Today we were proud to host the inaugural Alzheimer’s Research Congressional Update
We are thrilled to partner with UTHealth to bring Houston and Southeast Texas this exciting Alzheimer’s research event. We give special thanks to our hosts, Congressmen Ted Poe, Gene Green, Al Green, and Pete Olson for making this day of learning and awareness possible. We were also happy to welcomed Mr. Steven Williams from the City of Houston Health and Human Services, Alzheimer’s Association board members, and other distinguished guests. Congressman Poe did not join us today due to health concerns. We wish him a speedy recovery and look forward to working with him in the future.
We gathered together today because Alzheimer’s disease is the 6th leading cause of death and the only one in the top ten causes of death with no means for prevention or cure. Alzheimer’s is both a serious public health crisis and a significant national financial burden. Today we shared Alzheimer’s research information that will help our elected officials better serve their constituents. We confronted the Alzheimer’s epidemic and the challenges it poses to both scientists and caregivers. Our visitors saw firsthand the innovative research that is being sponsored by the Alzheimer’s Association and being conducted at UTHealth. Without support in the government, eradicating Alzheimer’s will remain a dream. We hope that this event will inspire our visitors to continue to support the nation’s collective fight against this deadly disease.
Opening Remarks by Richard Elbein, Chief Executive Officer of the Alzheimer’s Association Houston and Southeast Texas Chapter
In his open remarks, Richard Elbein, Chief Executive Officer of the Alzheimer’s Association Houston and Southeast Texas Chapter shared about the Alzheimer’s Association and how it has undertaken several research initiatives in anticipation of the escalating number of individuals who will develop Alzheimer’s disease as the baby boom generation ages and in recognition of the need to make up for lost time.
More than 100 years have passed since German physician Dr. Alois Alzheimer first discovered the amyloid plaques and tau tangles in the brain that characterize Alzheimer’s disease. However, only in the last 35 years has research into the causes, treatments, symptoms and risk factors of Alzheimer’s gained momentum. We are now at a tipping point where every research dollar spent moves us closer to a world without Alzheimer’s.
The Alzheimer’s Association Houston & Southeast Texas Chapter consists of families, caregivers, scientists, health professionals, and concerned citizens who are committed to finding a cure for Alzheimer’s disease through the advancement of research and providing care to patients, their families and loved ones. As the largest nonprofit funder of Alzheimer’s research in the world, the Alzheimer’s Association supports research in a number of ways:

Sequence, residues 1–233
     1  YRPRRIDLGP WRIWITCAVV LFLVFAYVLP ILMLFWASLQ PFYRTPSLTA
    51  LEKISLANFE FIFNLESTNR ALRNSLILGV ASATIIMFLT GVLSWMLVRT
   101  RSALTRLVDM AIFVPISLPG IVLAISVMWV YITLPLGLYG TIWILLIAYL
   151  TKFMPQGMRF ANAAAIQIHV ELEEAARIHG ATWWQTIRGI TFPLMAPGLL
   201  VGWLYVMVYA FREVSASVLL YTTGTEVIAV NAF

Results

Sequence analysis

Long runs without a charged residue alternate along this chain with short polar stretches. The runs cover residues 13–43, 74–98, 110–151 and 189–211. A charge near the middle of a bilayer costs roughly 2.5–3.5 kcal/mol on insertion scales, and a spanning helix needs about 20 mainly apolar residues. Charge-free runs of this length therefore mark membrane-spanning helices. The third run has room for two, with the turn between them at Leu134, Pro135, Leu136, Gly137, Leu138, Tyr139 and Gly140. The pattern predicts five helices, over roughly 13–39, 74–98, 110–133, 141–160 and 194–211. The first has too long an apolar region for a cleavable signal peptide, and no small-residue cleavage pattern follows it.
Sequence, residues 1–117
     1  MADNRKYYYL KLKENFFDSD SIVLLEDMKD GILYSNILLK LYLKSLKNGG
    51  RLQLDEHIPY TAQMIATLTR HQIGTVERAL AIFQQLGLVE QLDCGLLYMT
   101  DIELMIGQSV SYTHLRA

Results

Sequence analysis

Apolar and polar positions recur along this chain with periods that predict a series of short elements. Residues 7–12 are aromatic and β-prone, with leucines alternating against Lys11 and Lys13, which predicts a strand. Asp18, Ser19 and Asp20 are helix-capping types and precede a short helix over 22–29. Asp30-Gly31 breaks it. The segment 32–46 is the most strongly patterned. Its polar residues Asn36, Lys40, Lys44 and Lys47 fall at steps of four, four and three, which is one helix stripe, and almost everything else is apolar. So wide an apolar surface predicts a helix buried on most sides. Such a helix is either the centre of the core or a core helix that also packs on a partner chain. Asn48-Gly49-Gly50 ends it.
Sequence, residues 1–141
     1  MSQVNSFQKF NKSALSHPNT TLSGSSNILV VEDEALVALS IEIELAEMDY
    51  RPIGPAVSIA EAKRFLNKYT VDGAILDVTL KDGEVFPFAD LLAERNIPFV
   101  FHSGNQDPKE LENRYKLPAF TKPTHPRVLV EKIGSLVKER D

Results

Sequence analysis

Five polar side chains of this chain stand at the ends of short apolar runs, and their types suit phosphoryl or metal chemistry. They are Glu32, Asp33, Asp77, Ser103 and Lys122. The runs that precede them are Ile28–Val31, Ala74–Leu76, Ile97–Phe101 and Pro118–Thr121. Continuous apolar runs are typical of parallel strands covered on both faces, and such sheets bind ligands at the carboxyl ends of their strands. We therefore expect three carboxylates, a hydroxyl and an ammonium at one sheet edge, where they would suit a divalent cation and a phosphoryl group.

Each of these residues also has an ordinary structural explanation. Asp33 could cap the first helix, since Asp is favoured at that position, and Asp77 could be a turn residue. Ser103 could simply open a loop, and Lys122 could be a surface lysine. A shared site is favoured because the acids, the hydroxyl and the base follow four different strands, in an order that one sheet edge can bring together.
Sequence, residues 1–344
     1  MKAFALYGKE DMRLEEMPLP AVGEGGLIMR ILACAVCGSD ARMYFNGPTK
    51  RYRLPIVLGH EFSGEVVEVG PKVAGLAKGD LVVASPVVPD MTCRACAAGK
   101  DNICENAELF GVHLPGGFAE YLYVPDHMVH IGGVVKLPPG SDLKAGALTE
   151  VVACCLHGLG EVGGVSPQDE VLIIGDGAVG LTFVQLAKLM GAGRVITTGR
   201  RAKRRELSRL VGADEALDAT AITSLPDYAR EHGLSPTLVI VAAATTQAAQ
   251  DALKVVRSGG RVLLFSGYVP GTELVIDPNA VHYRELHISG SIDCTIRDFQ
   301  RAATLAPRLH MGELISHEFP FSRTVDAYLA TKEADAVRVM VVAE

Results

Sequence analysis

- Since awarding its firstgrants in 1982, the Association has awarded more than $350 million to over 2,300 best-of-field grant proposals. The scientists that you meet today, Dr. Ines Moreno-Gonzalez and Dr. Rodrigo Morales, both have projects that are currently funded by Alzheimer’s Association grants.
- The Alzheimer’s Association has also developed TrialMatch, a free, easy-to-use clinical studies matching service that connects individuals with Alzheimer’s, caregivers, healthy volunteers and physicians with current studies. Our continuously updated database of Alzheimer’s clinical trials includes more than 225 promising clinical studies being conducted at over 700 trials sites across the country.
- Additionally, the Association publishes a high-impact peer review journal and hosts the largest international meeting of Alzheimer’s researchers and scientists.
Cure and Prevent the Most Common Diseases of Our Time Through Education, Research and Clinical Practice
We are thrilled to also extend our partnership with the University of Texas Health Science Center at Houston, whose vision aims at “excellence above all in the quest to be an acknowledged leader in the collaboration to treat, cure and prevent the most common diseases of our time through education, research and clinical practice.” In the lecture hall where we met today, generations of thought leaders in biomedical research and the practice of medicine have been educated, trained, and imparted with a passion for community service.
ARCU: Alzheimer’s Research Congressional Research Update hosts Gene Green, Al Green, and Pete Olson
Today, we are asked attendees of the first ever Alzheimer’s Research Congressional Update to be a part of the solution; they are concerned, interested, and engaged in problem solving at a very high level. They recognize that as long as anyone with a brain is at risk of developing Alzheimer’s, each of us has a vested interest in the fight. Days like today will show us what is being done, but we are mindful that more is needed. Money is needed to continue research projects already underway and to see new projects to come. These efforts will bring more jobs to the Houston area and help manage and ultimately end this dreaded disease.
We want to say, thank you to all those who joined us today; thank you for your attention, and thank you for supporting the vision of the Alzheimer’s Association.